After nearly a decade of strong productivity growth starting in the mid-1990s, productivity growth has slowed down over the most recent decade. Output per hour worked in the U.S. business sector has grown at only 1.3 percent per year from 2004 to 2015, and growth was even slower from 2010 to 2015 at just 0.5 percent a year. These rates are only half or less of the pace of growth achieved in the past. The United States is not alone in facing this problem, as all of the major advanced economies have also seen slow productivity growth. This slow growth has been a major cause of weak overall GDP growth, stagnation in real wages and household incomes, and it strongly impacts government revenues and the deficit.
On September 9, 2016 the Initiative on Business and Public Policy (IBPP) and the Hutchins Center on Fiscal and Monetary Policy at Brookings hosted a forum on the policy implications of the growth slowdown. Senior Fellow Martin Baily presented an overview paper on the causes of the slowdown, followed by a panel discussion on the most effective policies to enhance productivity performance. After the panel discussion, panelists took questions from the audience.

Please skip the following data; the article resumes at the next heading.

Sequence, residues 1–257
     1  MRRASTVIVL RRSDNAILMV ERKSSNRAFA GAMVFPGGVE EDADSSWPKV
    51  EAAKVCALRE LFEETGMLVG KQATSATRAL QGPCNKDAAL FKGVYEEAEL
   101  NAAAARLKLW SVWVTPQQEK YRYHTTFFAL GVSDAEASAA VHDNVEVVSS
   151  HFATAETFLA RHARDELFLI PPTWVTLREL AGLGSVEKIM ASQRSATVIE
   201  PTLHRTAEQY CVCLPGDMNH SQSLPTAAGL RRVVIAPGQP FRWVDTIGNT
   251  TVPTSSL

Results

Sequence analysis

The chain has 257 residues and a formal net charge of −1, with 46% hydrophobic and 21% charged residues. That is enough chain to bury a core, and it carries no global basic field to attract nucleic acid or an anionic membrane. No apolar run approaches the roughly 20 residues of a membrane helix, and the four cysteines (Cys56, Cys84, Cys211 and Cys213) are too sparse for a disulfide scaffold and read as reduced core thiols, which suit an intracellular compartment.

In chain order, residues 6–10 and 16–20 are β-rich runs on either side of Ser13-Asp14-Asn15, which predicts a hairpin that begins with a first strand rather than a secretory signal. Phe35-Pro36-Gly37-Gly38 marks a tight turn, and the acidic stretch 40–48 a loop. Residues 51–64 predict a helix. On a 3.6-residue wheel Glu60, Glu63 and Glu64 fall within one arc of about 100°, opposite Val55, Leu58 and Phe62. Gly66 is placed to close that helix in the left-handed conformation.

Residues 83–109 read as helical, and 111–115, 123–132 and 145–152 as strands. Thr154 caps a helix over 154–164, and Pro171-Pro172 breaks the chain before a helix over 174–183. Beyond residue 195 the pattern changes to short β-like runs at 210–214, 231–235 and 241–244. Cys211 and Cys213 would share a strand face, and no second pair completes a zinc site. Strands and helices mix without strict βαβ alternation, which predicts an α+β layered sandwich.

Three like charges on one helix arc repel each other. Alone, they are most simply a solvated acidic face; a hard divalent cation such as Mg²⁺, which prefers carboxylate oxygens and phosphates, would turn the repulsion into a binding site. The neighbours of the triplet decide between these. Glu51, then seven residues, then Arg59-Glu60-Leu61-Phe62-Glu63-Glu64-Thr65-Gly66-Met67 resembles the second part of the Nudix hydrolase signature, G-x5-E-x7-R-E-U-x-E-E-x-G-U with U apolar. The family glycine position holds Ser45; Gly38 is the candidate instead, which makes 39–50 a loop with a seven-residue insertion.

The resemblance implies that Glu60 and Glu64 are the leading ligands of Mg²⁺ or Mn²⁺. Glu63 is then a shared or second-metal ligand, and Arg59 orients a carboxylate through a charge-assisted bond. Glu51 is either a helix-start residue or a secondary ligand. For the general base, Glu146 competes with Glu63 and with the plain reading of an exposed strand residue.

On September 8, IBPP and the Hutchins Center hosted a series of roundtable discussions of technical issues surrounding the productivity slowdown. Read the papers and view the presentations from Thursday »
Paul M. Warburg Professor of Economics - Harvard University
Professor of Economics and Blum Center Chief Economist - University of California, Berkeley
University of California, Berkeley
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